Canada’s Privacy Act, Federal Privacy Protection In Canada

Canada’s Privacy Act, Federal Privacy Protection In Canada

Canada’s Privacy Act is a federal law passed in 1983 that protects the personal information that Canadian residents disclose to the Canadian government. While the Personal Information Protection and Electronic Documents Act or PIPEDA governs the collection of personal information from Canadian citizens within the private sector, it does not apply to information that is collected, used, or disclosed by the Canadian government. As such the Privacy sets forth various rules and regulations in relation to when and how the Canadian government can collect, use, and disclose the personal information of its citizens.

What are the requirements of the Privacy Act?

The Privacy Act lays out a basic framework concerning the means by which Canadian federal institutions are permitted to collect, use, retain, and disclose personal information. For example, a government institution within Canada is only permitted to collect personal information from Canadian citizens in relation to federal programs or activities. Moreover, any personal information that is collected by Canadian residents must meet the following criteria if said personal information has the potential to directly affect them:

  • The personal information must be accurate.
  • The personal information must be retained for a specified period.
  • The personal information must be directly collected from a Canadian resident, subject to certain exceptions.

To this end, the Canadian government is prohibited from using or disclosing the personal information of any Canadian citizen with their expressed written consent. However, in the absence of such consent, a government institution is still permitted to use or share the personal information of Canadian citizens in the following ways:

  • The purpose for which this information was originally obtained or compiled.
  • Any other use that is consistent with the above stated purpose.
  • Various other purposes authorized by subsection 8(2) of the Privacy Act. (i.e. for the purpose of complying with a subpoena or warrant issued or order made by a court, person or body with jurisdiction to compel the production of information or for the purpose of complying with rules of court relating to the production of information, or to the Attorney General of Canada for use in legal proceedings involving the Crown in right of Canada or the Government of Canada.)

What rights do Canadian citizens have under the Privacy Act?

For Canadian citizens and individuals who are physically present with the country of Canada, the Privacy Act allows for both parties to request access to their own personal information that is being held by a federal institution, as well as request that corrections be made to this information if said information is proven to be inaccurate. Alternatively, federal law institutions can to refuse such requests under the following circumstances:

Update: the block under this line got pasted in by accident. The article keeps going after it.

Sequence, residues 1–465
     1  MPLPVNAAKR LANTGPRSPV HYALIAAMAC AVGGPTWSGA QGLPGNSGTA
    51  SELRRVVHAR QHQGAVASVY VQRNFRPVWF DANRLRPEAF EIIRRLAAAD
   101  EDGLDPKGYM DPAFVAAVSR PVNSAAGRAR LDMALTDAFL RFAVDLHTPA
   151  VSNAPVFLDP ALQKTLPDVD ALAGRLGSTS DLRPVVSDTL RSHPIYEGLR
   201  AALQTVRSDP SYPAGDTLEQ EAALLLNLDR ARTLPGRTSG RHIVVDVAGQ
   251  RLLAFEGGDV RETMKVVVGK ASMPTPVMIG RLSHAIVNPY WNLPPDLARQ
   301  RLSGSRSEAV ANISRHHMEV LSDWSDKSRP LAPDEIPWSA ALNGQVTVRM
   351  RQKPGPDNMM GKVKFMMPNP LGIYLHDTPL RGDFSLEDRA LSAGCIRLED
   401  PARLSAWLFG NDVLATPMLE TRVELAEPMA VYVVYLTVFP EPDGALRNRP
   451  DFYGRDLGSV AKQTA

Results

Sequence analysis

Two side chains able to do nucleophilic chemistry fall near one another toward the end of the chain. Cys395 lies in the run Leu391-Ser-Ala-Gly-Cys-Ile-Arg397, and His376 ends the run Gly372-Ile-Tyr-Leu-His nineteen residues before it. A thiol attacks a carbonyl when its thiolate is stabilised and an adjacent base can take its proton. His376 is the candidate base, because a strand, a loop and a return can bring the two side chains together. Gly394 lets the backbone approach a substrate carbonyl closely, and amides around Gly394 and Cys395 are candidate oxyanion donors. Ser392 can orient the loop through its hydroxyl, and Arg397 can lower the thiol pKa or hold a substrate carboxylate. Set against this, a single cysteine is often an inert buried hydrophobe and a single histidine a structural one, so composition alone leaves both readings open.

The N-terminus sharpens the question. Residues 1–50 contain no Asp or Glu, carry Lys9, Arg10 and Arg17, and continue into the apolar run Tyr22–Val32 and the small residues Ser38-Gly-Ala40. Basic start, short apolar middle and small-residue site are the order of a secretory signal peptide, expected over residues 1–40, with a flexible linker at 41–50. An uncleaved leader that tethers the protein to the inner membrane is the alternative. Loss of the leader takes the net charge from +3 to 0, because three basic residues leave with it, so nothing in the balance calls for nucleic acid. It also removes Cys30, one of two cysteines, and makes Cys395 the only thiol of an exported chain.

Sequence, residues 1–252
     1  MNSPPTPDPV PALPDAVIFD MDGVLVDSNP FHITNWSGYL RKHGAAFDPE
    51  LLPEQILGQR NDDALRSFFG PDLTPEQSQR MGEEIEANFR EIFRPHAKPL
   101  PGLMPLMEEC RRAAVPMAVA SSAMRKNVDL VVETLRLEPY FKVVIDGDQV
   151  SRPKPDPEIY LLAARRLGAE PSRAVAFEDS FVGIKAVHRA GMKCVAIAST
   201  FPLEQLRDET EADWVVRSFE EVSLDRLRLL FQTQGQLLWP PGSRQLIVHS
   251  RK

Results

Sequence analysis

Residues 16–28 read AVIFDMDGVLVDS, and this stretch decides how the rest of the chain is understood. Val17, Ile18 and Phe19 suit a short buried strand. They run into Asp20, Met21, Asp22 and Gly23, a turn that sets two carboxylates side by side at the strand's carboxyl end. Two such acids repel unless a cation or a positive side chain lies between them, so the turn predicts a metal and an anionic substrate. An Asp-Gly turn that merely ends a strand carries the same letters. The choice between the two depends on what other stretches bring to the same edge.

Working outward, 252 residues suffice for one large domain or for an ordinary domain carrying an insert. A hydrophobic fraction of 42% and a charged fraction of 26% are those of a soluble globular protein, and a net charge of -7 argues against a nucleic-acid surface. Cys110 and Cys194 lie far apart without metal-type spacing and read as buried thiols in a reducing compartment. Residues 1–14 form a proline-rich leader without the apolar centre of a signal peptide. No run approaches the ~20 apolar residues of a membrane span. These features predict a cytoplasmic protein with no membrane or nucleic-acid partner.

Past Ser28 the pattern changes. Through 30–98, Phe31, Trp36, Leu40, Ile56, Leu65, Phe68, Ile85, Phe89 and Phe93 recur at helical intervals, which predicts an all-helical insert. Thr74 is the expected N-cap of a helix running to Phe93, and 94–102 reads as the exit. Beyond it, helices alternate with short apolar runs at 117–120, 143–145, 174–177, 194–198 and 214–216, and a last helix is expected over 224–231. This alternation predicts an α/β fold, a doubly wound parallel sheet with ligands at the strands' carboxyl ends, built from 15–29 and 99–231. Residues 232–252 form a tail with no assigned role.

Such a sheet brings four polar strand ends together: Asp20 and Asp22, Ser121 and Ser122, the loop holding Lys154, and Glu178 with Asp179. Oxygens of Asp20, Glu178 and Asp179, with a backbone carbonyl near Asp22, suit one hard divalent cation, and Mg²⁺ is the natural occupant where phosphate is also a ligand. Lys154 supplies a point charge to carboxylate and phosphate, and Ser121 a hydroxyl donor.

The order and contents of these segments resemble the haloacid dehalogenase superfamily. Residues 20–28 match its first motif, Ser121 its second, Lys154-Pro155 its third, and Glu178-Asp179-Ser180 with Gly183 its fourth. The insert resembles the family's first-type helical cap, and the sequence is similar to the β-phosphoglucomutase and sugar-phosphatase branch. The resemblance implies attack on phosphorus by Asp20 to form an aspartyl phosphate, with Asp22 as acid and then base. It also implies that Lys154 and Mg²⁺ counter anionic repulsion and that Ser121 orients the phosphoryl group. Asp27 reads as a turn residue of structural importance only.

• If the request for information interferes with the jurisdiction and responsibilities of the Canadian government, such as law enforcement investigations or issues relating to national defense.
  • If the request for information is related to the personal information of someone other than the individual who made the request.
  • If the personal information that has been requested is subject to solicitor-client privilege.
  • If the request for personal information is related to an individual’s medical records, and it has been determined that accessing such records will not result in any benefit to said individual.

What are the penalties for violating the Privacy Act?

In addition to laying out stipulations and conditions for the collection of personal information from Canadian citizens, the Privacy Act also established the Office of the Privacy Commissioner of Canada or OPC, an independent government agent of the Canadian Parliament that both oversees and enforces the Privacy Act and the PIPEDA. The OPC has the authority and power to both receive and investigate complaints in relation to the Privacy Act, including cases in which a Canadian federal agency has refused a request for access on the part of a Canadian citizen. As such, the Privacy Act states the following in relation to obstruction of the law, as well as fines and penalties that can result from said obstruction:

  • “No person shall obstruct the Privacy Commissioner or any person acting on behalf or under the direction of the Commissioner in the performance of the Commissioner’s duties and functions under this Act.”
  • “Every person who contravenes this section is guilty of an offence and liable on summary conviction to a fine not exceeding one thousand dollars.”

While the definition of privacy has changed greatly since the Privacy Act was introduced in 1983, the law still serves to protect Canadian citizens from privacy violations in relation to government institutions. With legislation such as the Privacy Act, Canadian residents can have the peace of mind that any information that they disclose to the federal government will be protected in an appropriate manner. Furthermore, with Canada releasing draft legislation to both update and modernize the country’s private sector privacy legislation, future laws that also update and modernize federal privacy legislation will more than likely be considered as well.